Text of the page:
Ag exporters face loss of harbor truckers
Agricultural exporters attending the Agriculture Transportation Coalition conference in San Francisco will hear a warning about losing more harbor truckers who drive their exports to U.S. ports from Ken Kellaway, president of RoadOne Intermodal Logistics.
In an interview with AJOT, Kellaway said he has a national perspective, because RoadOne employs 1,000 drivers at ports and rail ramps around the United States. He is seeing drayage drivers for agricultural exporters being discouraged from staying in the business due to a number of problems that urgently need to be addressed:
• Increased federal regulation is forcing harbor truckers to strictly adhere to overweight truckload requirements or face fines and insurance hikes. Agricultural exports often contain high density and heavy truckloads.
• Growing congestion at ports is making pick-ups and deliveries slower and more costly for drivers at ports around the country resulting in a rise from an average of one hour for a container pick-up or delivery to 3 - 6 hours in 2015.
• Drivers are demanding better pay and should be compensated for added costs.
• The arrival of mega-container ships and dispersal of container loads from one carrier to an alliance of carriers creates “peaks and valleys” of container flows and dispersals of exports and imports to multiple locations that slow down pick-ups and deliveries.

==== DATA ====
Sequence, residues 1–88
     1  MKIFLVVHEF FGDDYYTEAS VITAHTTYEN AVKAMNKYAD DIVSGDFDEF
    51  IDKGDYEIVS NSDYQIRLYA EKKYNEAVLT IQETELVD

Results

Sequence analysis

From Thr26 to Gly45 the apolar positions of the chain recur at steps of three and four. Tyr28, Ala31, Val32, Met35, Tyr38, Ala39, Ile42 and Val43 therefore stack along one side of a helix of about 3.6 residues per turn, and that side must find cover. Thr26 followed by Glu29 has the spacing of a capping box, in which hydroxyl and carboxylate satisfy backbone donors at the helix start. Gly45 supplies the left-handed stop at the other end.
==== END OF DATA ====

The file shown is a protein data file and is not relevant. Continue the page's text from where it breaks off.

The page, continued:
• Restrictions on free time and consequent imposition of late fees or demurrage charges by U.S. terminal operators add to driver costs, “The free time that was once allowed at terminals is now being reduced to make more money. The result is that when you do not pick up your cargo on time, you are penalized by demurrage charges.” Truckers often do not get relief from these charges even if they cannot pick up loads due to congestion.
• The availability of chassis (since ocean carriers no longer provide them) continues to be a problem for drivers. Maintenance costs are rising and off-site pools add to delays. However, the pooling programs for chassis at the ports of Norfolk, Los Angeles and Long Beach have been an improvement.
• The move by shippers to shift cargoes from the West Coast ports to East Coast ports after the recent West Coast labor slow down has resulted in new congestion and delays at a number of East Coast ports because of a shortage of drivers. The shortage is less of a problem at Southeastern ports such as Charleston, Savannah, and Jacksonville.
Kellaway says, “The result is that drivers and drayage companies are being more selective about who their customers are and this is resulting in a decreasing number of drivers available to carry agricultural exports.”
Kellaway notes that, “Typically, the profit margin for the driver is 5% and so any added costs such as detention charges, safety citations and delays in pick-ups and deliveries can be devastating. Our drivers are on the battlefield every day and we need more support and respect.”
On a national level, he says, harbor truckers need to be brought more fully into the planning process, so drivers can avoid constantly “reacting to changes.”